Tuesday, December 21, 2010

Merry Christmas to All, with a Special Wish to the Least Fortunate Among Us

Christianity as practiced in too much of the USA really has me baffled these days. Where is the outrage among the hundreds of millions of Christians regarding the 99ers and the 9/11 first responders?

The 99ers are the millions left out of the extension of unemployment benefits and are now facing unemployment with zero aid after exhausting 99 weeks of benefits. The 9/11 first responders are those who were left ill after rushing to the WTC to save lives or otherwise help. They now face crushing health care costs. There are now bills pending to resolve these issues, and I urge anyone with a GOP Senator to contact that Senator and urge passage of these bills.

Much has passed recently during this lame duck session of Congress. Perhaps the most costly and high profile action was the extension of the Bush tax cuts to even the very wealthy--at a total cost of $858 billion. The cuts for those making more than $250,000 will cost $75 billion and will have little stimulative impact.

It is truly morally corrupt and deeply anti-Christian to shower massive wealth on the already wealthy while leaving the most unfortunate among us literally out in the cold this Christmas.

I attended St. Isaac Jogues grammar school and graduated from Our Lady of Perpetual Help. The most vivid lesson from that Christian schooling in my mind is: "That which you do to the least of my brothers, you do unto to me." Somewhere American Christianity seems to have lost that fundamental teaching, at least for too many. I sometimes think that too many Christians in the USA think this is a part of the Sermon on the Mount: "Blessed are the tax cutters, for they shall inherit millions tax free."

So, Merry Christmas to all--and if you wish to help the most unfortunate among us this holiday season I recommend food pantries and a letter to your representatives.

Wednesday, December 15, 2010

Reversing Field: Examining Commercialization, Labor, Gender, and Race in 21st Century Sports Law

A new book has just been released called "Reversing Field: Examining Commercialization, Labor, Gender and Race in 21st Century Sports Law." Edited by andré douglas pond cummings and Anne Marie Lofaso, this book interrogates the "dark side" of sports, focusing on the commercialization of collegiate athletics and the exploitation of college athletes, as well as issues of racism, sexism and discrimination in professional and collegiate sports.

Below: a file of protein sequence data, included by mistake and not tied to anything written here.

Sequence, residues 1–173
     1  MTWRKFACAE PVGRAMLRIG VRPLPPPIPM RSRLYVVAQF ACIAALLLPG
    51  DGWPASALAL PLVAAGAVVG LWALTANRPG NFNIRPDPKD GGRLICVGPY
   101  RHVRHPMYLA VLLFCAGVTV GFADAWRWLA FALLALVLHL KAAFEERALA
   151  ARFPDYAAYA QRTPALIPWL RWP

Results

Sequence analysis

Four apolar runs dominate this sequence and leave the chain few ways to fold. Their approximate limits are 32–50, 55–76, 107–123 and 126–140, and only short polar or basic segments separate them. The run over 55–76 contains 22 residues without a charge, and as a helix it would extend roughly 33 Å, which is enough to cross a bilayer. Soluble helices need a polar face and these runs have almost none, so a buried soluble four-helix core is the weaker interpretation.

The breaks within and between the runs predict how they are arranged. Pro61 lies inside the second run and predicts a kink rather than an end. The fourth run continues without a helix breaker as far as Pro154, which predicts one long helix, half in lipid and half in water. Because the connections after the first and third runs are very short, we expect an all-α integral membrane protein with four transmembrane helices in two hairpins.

Per the frontmatter: "Reversing Field invites students, professionals, and enthusiasts of sport – whether law, management and marketing, or the game itself – to explore the legal issues and regulations surrounding collegiate and professional athletics in the United States. This theoretical and methodological interrogation of sports law openly addresses race, labor, gender, and the commercialization of sports, while offering solutions to the disruptions that threaten its very foundation during an era of increased media scrutiny and consumerism. In over thirty chapters, academics, practitioners, and critics vigorously confront and debate matters such as the Arms Race, gender bias, racism, the Rooney Rule, and steroid use, offering new thought and resolution to the vexing legal issues that confront sports in the 21st century."

Sunday, December 12, 2010

Successful Partnerships

The Economist has recently published a short piece examining the ingredients of successful business partnerings. In describing successful partnerings, like those of Warren Buffet and Charlie Munger (Berkshire Hathaway); Michael Eisner and Frank Wells (Disney); and Bill Gates and Paul Allen/Steve Ballmer (Microsoft), the article describes characteristics of successful business partnerings as follows:

"Partners need to be able to trust each other absolutely. . . . Partners also need to possess a delicate balance between similarities and differences. A striking number of successful partners combine similar backgrounds with very different attitudes to fame."

The Economist focuses on one surprising business combination that has worked for more than forty years -- that of Mick Jagger and Keith Richards. To read more about the successful Rolling Stones combination of Jagger and Richards, check out the article here.